Caló: Then eat cuitcha

The word of the day is cuitcha, an alternative spelling is cuatcha. It means excrement and comes from the Comanche or Numunuu word for poop, cuita. Its etymology can also be traced to the Aztec or Nahuatl word cuitlatl. It’s been in the Caló lexicon for centuries.

By Oscar “El Marfa” Rodriguez

“If you know the truth, go with it,” Cuito advised young Boy. “Watchas?”

It wasn’t his first time giving this advice. He’d said the same for things like science, religion — all the big questions of the world, and also for his improbable name.

“How’d you get your name?” Boy once asked.

“My real name’s Harvey, but everybody’s always called me Cuito. Q-U-I-T-O. They once told me what it meant but I forgot,” said Cuito.

Many years later, Boy came back to the Southside and checked in on Cuito.

“Hey, guess where I just was?” he asked.

“New York. They say it’s really dangerous there,” answered Cuito.

“Nel, ese, in Quito,” Boy said, pronouncing the word like an Ecuadorian.

 “Where’s that?” Cuito asked.

“In Ecuador, between Peru and Colombia,” Boy explained.

“Quito’s the capital city. They spell it Q-U-I-T-O, but they pronounced it differently than you.

Cuito wasn’t interested. It was a pointless coincidence to him.

“You sure your name isn’t spelled with a C instead of a Q?” Boy asked.

“I’m sure it’s a C, not a Q. I just don’t say it in Spanish like they do.”

A while later, Boy met up with an Osage friend with whom he often talked about words.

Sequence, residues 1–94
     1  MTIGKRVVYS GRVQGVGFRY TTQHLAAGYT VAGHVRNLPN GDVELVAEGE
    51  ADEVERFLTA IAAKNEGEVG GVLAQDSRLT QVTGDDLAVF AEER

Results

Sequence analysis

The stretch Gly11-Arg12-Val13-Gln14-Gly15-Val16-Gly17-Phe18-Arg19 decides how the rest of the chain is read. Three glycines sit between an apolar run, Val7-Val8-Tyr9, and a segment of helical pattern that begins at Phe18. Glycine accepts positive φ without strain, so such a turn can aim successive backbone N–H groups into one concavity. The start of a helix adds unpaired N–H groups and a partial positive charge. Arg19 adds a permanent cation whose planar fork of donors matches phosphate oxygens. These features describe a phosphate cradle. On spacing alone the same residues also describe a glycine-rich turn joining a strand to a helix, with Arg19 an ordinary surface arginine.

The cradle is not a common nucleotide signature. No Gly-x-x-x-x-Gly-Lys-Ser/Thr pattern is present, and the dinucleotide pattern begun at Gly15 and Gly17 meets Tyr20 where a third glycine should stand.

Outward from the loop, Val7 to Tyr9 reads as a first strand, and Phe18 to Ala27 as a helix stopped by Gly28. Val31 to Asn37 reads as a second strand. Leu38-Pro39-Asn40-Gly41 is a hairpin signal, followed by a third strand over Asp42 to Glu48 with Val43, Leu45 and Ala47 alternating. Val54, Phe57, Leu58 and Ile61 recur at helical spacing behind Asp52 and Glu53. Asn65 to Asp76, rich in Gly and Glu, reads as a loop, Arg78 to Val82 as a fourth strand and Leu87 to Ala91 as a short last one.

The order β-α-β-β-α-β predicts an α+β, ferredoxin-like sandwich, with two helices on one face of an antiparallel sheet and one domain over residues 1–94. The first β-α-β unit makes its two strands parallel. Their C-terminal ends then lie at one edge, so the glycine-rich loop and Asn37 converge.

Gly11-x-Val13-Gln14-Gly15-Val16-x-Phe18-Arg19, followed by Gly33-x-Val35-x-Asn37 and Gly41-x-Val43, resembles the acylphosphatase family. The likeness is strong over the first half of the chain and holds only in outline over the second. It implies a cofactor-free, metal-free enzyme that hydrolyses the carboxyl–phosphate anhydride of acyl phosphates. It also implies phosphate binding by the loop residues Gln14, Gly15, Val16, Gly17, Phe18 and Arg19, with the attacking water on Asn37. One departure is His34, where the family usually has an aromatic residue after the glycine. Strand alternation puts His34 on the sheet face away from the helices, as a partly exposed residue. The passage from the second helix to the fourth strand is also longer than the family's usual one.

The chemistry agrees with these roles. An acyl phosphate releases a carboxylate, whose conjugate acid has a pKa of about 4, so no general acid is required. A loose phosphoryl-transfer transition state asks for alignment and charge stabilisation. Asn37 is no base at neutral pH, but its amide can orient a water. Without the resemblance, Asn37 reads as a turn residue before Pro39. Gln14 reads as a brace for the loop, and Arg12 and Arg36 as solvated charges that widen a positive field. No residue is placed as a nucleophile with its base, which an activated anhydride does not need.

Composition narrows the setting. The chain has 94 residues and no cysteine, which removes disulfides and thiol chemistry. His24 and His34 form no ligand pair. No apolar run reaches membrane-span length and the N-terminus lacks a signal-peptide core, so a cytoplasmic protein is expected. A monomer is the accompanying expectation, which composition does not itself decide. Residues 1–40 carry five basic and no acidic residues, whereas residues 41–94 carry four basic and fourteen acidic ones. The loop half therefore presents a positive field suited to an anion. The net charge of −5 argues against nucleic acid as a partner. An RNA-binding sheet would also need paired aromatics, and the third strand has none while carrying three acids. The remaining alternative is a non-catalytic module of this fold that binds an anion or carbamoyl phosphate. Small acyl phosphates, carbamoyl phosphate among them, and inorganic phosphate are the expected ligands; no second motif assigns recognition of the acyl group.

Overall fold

“A word I’ve been wondering about is cuito,” Boy said.

“I wonder if it’s related to cuitcha or cuacha. Elders sometimes say it when you refuse food they’ve offered. They say, then eat cuitcha.”

“Hmmm, mighty close to the Comanche word for shit, but pronounced cuita,” the Osage said.

“Wow! That’s what they mean to say,” Boy exclaimed.

“I’ve often wondered if it’s related to cuitlacoche, which is Aztec for a mushroom, or flower that grows from bird poop.”

“Well, I just looked it up. Google says Comanche is Uto-Aztec,” the Osage said.

“I know a guy who’s gone by that name all his life without knowing what it means,” Boy said.

“I wonder if I should tell him.”

“Older or younger than you?” he asked Boy.

“Older,” Boy said.

“Then just leave it alone for his sake,” the Osage said.

Sometime later, Boy went back to see Cuito. He couldn’t resist asking him again how he spelled his name again.

Shhh. Like I’ve already told you, Q-U-I-T-O. I’ve had the nickname ever since a kid called me that in 4th grade,” said Cuito.

“Oh! Where was that kid from?” Boy asked.

“Deep in Mexico, like in the jungle,” Cuito said.

“The Comanches and Aztecs…,” Boy started to say, but let it go. 

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